Fourth, a renewed focus on Australia India Comprehensive Economic Cooperation Agreement (CECA) could open new avenues for trade and investment, reduce and rationalise tariffs and make trading easier and more predictable. However, Australia will need to recognise that the bilateral economic relationship will always be struggling if its export endeavor is not backed by FDI into India. In 2018, only about 0.6 per cent of Australian outbound investment was allocated to India, less than that allocated to countries such as Luxembourg, the Netherlands, Bermuda, and Papua New Guinea.
Fifth, success in India will require greater creativity from Australian businesses and Governments than we have needed elsewhere in Asia. FTAs are a tightrope walk between ensuring economic gains and managing national interests in India. Australia must explore sectoral FTA’s that can add greater reliability and dependence between both countries, mobilise both the public and private enterprises to identify opportunities and address India’s inhibitions.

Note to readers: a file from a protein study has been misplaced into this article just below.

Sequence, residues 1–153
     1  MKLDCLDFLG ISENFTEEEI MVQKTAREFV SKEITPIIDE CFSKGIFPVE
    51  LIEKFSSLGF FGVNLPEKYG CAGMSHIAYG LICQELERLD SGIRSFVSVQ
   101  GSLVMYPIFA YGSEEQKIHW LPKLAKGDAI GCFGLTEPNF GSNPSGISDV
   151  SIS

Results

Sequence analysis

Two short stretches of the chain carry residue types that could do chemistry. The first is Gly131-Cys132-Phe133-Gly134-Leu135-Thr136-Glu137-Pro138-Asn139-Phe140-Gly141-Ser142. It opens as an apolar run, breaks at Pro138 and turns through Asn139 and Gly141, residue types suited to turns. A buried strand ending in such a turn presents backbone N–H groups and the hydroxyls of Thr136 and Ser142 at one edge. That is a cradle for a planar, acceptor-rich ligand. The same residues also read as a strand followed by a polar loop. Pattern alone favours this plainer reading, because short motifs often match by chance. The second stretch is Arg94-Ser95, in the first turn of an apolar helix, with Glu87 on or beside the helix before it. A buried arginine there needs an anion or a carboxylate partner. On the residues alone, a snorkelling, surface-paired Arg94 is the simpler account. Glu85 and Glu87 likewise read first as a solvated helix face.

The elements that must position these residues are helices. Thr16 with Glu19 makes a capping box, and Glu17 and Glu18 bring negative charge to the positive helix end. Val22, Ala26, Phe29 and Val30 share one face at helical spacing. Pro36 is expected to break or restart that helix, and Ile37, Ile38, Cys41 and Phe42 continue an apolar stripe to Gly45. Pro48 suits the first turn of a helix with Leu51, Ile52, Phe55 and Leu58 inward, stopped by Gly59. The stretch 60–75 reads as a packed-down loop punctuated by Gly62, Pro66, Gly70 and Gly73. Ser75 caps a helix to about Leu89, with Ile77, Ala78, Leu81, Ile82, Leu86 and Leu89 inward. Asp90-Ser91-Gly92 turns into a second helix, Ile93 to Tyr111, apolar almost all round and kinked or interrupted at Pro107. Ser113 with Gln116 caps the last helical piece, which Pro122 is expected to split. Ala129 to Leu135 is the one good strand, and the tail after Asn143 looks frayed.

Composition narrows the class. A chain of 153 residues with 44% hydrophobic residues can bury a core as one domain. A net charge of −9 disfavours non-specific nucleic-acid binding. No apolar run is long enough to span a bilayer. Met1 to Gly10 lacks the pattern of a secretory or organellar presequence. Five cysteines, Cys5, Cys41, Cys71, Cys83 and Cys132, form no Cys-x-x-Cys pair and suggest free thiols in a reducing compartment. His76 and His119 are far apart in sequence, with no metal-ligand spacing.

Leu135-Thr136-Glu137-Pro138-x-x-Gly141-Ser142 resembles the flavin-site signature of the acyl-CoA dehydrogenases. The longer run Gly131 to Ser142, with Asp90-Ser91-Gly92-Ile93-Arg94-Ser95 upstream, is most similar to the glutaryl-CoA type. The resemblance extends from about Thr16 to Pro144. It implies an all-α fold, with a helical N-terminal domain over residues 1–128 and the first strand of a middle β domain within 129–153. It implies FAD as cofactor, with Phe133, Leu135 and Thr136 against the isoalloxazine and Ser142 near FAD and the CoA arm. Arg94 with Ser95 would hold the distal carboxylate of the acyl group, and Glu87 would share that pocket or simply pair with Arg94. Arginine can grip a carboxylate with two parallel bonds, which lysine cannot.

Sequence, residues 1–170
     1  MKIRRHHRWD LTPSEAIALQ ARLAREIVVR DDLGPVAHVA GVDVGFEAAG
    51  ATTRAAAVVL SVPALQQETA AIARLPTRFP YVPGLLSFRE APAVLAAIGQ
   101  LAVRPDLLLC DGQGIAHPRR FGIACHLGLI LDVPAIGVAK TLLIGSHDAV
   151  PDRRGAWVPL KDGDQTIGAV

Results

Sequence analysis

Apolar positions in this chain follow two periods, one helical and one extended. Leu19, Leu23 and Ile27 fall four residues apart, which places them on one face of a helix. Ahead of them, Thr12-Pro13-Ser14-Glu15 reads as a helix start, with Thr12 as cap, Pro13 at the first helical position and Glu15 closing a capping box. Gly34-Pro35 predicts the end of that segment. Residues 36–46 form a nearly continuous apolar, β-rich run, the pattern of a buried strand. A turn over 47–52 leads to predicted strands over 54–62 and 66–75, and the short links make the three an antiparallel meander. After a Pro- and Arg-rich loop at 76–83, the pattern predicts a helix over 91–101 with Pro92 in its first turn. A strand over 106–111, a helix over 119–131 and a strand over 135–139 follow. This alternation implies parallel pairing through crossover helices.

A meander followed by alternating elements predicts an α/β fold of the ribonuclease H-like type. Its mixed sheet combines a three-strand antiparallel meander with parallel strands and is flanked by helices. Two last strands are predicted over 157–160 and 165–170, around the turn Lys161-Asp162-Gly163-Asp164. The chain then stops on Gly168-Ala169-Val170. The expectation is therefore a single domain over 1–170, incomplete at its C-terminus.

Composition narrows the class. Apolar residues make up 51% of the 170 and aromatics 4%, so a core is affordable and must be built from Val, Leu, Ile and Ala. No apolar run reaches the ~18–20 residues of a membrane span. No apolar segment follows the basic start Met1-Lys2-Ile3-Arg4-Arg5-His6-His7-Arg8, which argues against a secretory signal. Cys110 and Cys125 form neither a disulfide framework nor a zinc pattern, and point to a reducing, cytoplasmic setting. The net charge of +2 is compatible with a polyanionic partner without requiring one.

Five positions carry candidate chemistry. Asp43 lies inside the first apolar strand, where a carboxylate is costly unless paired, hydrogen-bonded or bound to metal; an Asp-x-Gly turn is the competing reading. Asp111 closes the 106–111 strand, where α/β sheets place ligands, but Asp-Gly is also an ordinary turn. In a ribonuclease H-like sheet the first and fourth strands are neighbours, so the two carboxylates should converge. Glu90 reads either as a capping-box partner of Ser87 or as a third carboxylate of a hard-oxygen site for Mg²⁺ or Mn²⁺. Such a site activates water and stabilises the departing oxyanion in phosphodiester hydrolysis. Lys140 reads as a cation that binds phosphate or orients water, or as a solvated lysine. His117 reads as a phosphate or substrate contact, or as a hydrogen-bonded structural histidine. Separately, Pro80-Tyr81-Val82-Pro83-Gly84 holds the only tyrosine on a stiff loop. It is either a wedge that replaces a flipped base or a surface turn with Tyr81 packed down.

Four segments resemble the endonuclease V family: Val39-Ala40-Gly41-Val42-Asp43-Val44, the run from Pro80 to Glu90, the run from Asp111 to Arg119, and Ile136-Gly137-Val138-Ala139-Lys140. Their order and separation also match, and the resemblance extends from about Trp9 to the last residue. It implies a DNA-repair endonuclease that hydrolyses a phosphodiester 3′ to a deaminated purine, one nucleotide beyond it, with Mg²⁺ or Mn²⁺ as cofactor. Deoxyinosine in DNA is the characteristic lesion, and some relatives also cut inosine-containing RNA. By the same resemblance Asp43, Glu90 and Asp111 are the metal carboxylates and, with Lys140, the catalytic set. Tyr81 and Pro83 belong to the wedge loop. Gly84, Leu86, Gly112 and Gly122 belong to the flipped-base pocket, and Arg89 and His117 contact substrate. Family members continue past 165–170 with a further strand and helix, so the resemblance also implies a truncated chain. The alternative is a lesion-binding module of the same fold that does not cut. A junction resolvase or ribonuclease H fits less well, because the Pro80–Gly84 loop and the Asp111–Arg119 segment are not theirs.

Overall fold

Sixth, Australia would need to engage closely with India’s changing development paradigm, a factor that’s least understood and is marred by antiquated understanding. The politics and economics of the relationship are interdependent, a realisation that’s often missed by the way India is understood and viewed in Australia.
Going forward, 2021 offers a reform reset to the Indian economy to embolden its economic future domestically and globally.
Natasha Jha Bhaskar is General Manager of Newland Global Group, a Sydney-based Australian corporate advisory firm specialising in the Australia-India space.
The views expressed here are the authors, and do not represent the views of the Institute for International Trade.
This work is licensed under Commons Attribution-NonCommercial-NoDerivatives 4.0 International License.